It was Nick Bransford’s unfortunate job to blow a horn and summon the skeletal
patients to their meals. After four months, the experiment was aborted when
three of the patients reportedly died. Less than 10 years later Dr. Croghan died
Early tours were less structured than today’s, but in ways that made them more
animated, too. Guides lit dazzling Bengal lights, giving travelers a flash of
the cave wall’s fluted pockets or the majestic height of a dome. On Echo River,
they would paddle parties out in small boats and entertain them with a song; a
stanza later they would be duetting with the sound of their own voice.
Occasionally, inspired by the demonstration, a visitor would draw his pistol and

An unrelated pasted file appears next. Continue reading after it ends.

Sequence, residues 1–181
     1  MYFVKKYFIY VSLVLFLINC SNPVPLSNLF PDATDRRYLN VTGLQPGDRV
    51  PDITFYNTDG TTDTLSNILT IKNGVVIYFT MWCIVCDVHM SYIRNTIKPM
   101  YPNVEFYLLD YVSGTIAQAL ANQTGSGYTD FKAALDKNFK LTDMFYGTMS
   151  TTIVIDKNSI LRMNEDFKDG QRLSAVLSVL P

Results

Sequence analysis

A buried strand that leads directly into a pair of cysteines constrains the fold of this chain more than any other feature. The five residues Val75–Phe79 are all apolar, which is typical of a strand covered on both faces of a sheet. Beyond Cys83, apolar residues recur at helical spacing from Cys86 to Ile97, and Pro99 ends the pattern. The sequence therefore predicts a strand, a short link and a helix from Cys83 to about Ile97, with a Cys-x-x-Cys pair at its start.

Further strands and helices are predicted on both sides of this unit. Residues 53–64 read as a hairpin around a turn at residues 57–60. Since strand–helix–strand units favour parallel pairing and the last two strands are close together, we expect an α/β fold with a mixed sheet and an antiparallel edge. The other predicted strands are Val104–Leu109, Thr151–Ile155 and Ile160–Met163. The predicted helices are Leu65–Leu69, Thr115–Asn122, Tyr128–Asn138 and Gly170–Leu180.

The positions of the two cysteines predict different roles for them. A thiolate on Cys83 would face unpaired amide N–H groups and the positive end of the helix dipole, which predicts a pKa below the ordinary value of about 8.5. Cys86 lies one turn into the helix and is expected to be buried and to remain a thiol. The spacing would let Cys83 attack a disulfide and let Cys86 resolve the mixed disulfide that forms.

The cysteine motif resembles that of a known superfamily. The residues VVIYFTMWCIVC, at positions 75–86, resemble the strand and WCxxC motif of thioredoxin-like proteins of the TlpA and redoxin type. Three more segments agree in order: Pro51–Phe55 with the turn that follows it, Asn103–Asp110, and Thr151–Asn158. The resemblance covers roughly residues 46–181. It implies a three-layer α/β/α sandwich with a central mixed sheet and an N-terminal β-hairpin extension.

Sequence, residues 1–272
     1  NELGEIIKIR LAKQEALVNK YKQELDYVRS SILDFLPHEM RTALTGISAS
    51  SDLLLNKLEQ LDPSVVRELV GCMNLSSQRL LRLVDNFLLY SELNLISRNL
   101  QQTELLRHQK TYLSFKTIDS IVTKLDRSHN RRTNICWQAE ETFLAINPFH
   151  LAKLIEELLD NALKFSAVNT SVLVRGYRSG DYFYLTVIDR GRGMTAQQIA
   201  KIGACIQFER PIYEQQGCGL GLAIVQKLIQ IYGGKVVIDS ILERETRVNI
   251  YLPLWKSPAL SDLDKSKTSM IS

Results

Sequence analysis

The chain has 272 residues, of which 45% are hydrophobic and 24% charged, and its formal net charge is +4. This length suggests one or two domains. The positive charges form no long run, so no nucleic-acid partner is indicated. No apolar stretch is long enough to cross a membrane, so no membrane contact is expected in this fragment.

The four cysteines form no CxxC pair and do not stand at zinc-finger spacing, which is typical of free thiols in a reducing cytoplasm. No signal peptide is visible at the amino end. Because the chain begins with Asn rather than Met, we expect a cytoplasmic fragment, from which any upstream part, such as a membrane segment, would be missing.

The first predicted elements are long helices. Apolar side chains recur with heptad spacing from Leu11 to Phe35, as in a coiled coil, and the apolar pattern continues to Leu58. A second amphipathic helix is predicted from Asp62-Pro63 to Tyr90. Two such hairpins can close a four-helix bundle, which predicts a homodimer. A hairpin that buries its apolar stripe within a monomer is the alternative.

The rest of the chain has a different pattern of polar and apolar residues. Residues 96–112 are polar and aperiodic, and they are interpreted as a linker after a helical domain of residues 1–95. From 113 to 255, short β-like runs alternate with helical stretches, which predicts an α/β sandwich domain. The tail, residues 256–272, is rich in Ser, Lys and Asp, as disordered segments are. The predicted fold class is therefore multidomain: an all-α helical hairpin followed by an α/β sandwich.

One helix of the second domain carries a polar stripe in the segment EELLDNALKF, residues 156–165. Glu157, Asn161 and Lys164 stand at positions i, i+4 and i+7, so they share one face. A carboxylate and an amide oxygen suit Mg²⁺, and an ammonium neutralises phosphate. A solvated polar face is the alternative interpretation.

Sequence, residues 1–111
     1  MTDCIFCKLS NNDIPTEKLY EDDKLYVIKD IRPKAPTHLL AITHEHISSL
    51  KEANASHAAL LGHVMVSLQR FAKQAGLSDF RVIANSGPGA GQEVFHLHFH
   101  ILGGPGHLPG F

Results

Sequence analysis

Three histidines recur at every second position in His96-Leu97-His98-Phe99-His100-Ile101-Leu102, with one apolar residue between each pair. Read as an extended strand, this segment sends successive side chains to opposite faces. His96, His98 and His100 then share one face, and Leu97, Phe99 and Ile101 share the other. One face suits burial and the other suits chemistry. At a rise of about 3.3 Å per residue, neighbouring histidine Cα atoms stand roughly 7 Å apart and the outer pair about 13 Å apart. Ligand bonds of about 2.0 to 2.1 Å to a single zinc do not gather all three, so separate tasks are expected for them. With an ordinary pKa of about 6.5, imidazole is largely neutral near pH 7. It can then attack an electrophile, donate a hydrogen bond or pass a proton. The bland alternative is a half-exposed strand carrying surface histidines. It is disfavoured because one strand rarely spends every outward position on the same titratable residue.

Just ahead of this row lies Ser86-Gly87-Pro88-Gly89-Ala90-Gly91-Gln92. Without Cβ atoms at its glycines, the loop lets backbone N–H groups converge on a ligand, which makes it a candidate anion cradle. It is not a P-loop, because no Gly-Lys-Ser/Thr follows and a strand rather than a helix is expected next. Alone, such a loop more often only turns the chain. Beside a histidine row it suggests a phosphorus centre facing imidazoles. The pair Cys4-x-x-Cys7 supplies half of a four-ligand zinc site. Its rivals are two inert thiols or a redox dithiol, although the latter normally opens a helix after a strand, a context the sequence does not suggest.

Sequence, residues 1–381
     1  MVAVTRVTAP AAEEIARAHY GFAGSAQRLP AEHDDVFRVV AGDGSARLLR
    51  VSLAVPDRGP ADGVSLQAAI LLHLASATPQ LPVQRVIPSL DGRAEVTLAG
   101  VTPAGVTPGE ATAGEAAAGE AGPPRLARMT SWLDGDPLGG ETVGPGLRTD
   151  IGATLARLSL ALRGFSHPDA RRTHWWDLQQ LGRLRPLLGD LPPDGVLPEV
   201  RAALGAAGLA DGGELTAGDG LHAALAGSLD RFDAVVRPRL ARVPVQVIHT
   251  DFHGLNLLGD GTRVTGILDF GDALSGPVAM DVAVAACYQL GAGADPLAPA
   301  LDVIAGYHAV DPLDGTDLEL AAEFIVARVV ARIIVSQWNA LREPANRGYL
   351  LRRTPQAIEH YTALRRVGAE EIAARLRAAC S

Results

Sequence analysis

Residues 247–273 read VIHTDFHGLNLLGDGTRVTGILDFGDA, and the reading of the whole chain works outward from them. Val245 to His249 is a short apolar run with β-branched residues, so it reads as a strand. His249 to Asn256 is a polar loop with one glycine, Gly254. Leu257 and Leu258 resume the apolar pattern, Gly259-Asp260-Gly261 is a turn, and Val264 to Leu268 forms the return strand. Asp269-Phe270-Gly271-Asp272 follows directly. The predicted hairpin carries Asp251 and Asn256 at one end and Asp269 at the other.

fire, sending a barrage of explosive echoes thundering back.
One time, while Bishop was taking a party over the river his boat tipped and all
the lamps were extinguished. Through chin-deep water and in complete darkness,
he led the tourists with the sound of his voice, until five hours later Mat
Bransford arrived to save them.
As we stopped under a low shelf, Mr. Bransford tilted his lamp, casting a glare
on the ceiling, where dozens of names were written on the tan stone in thick,
black lettering. In the firelight, they looked like the bold, oil-black
signatures you might find on an old map.
“For a nickel or a dime, the guides would lash a candle to a stick and write
your name up on the ceiling,” Mr. Bransford said. “It was a good way to earn
With practice, the guides learned to use their lanterns to create illusions that
are still part of the tour.